Doo-wop, Shakespeare-Style

An updated version of Shakespeare's A Midsummer Night's Dream, Fools in Love interchanges ancient Athens for West Athens, Calif., and sets the play in the 1950s. This condensed, one-act adaptation is aimed at children, and, with copious amounts of physical comedy and a soundtrack of pop music, it proves that Shakespeare can be understood and enjoyed by even those generally (and wrongfully) deemed too young for it. The show opens with four lovers convening at a diner to sip sodas and lament their tangled love lives. Helena (Annelise Abrams) loves Demetrius (Antony Raymond), but Demetrius loves Hermia (Erika Villalba). That would be all well and good, as Hermia's parents want her to marry Demetrius, but her heart belongs to Lysander (Matt Schuneman).

Hermia and Lysander decide to elope, and both Demetrius and Helena follow them when they flee into the forest, where a group of resident fairies attempt to unravel and realign their heartstrings. Lovers' spats are also present in the woods, as Oberon (Andy Langton) and Titania (Margaret Curry) squabble over their own feelings and argue over the possession of a changeling child.

A cappella accompaniment to the action is provided by a group of doo-wop singers who drift in and out of the action singing 50's and 60's pop songs as a kind of Greek chorus. The oft-covered "I Will Follow Him" accompanies Helena's mad dash as she chases Demetrius deep into the forest, and when Hermia and Lysander sleep in the woods, the singers perform a snippet of the classic "Goodnight, Sweetheart." What the group occasionally lacks in pitch, they more than make up for with enthusiasm.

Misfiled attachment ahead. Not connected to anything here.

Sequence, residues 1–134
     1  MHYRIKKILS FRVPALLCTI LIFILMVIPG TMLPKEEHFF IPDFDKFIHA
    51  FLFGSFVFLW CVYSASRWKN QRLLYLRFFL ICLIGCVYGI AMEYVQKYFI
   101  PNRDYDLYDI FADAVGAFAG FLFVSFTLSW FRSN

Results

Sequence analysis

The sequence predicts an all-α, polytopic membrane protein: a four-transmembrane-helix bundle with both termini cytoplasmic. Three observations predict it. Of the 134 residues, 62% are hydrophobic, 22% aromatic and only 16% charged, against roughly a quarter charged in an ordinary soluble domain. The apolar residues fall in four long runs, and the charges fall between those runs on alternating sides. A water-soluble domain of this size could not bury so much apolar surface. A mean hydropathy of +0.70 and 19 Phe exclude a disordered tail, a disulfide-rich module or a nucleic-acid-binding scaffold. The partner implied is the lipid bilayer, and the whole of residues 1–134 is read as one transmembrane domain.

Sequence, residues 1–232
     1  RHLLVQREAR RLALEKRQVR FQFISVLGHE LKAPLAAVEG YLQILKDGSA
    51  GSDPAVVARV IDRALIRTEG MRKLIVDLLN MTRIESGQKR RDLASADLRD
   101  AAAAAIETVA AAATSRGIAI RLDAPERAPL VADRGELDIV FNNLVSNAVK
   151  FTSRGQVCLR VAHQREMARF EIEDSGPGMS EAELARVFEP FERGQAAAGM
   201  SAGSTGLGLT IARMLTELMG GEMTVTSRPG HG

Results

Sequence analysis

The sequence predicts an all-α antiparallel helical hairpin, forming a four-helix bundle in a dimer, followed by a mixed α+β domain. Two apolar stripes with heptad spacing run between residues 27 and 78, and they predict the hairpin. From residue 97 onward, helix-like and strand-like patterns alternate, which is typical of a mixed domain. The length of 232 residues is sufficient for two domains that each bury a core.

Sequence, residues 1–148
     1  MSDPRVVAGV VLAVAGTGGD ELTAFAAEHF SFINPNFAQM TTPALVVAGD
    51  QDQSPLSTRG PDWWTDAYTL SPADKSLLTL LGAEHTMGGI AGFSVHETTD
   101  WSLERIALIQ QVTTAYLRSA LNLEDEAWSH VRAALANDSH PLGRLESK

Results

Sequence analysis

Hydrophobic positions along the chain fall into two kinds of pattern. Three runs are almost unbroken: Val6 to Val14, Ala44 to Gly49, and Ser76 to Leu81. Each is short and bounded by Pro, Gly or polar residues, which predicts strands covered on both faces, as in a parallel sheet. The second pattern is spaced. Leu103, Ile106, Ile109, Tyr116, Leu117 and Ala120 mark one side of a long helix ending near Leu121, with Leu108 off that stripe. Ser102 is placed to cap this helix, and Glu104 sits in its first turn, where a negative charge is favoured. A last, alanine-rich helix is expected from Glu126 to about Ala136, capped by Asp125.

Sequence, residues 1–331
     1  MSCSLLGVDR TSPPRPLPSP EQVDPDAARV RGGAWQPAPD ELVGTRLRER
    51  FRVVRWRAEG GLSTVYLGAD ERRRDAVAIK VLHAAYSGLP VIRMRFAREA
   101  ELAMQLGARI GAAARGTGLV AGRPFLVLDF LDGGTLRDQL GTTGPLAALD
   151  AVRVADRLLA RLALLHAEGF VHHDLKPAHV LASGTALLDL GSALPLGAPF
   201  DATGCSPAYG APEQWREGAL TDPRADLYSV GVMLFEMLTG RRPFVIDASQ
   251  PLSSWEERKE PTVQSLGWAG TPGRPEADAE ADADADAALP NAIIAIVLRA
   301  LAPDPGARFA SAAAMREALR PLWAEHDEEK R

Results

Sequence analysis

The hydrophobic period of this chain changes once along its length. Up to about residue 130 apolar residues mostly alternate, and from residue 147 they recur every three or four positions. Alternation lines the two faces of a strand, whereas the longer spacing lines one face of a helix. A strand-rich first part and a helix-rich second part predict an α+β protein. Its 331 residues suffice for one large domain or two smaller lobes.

Besides that addition, however, the rest of the play stays the same. Though it is considerably cut down (while still running nearly two hours without an intermission), there have been virtually no changes to the language itself. Some characters have been tweaked ever so slightly to suit the time period, but little else needs to be changed to help kids get Shakespeare's comic characters. In this version, we have a pocket protector-wearing Lysander, and Peter Quince (Tom Falborn) and his gang are the diner's chef and busboys. The delightfully over-caffeinated Puck (Brandy Wykes) is constantly whipping out a steno pad on which he takes notes from the leather jacket-wearing Oberon.

Fairies flit throughout the play, and their sheer number is what allows children's involvement in the show. Children (and the occasional adult audience member) are invited up onstage to take part in the group scenes. They are welcomed with open arms by the fairies, who all do excellent work guiding the children. The fairies also rev up the energy in the theater, clapping along and chattering amongst themselves.

Sometimes, however, the fun gets a little overwhelming, as the chorus chitchat can draw too much focus away from the main action. Particularly when trying to keep kids following the story line, distractions like these are dangerous.

Some actors failed in making the material accessible, while others were wildly successful. Some actors were funny but lacked the overt comedy that's needed in shows for kids. The actors who were triumphant in their efforts

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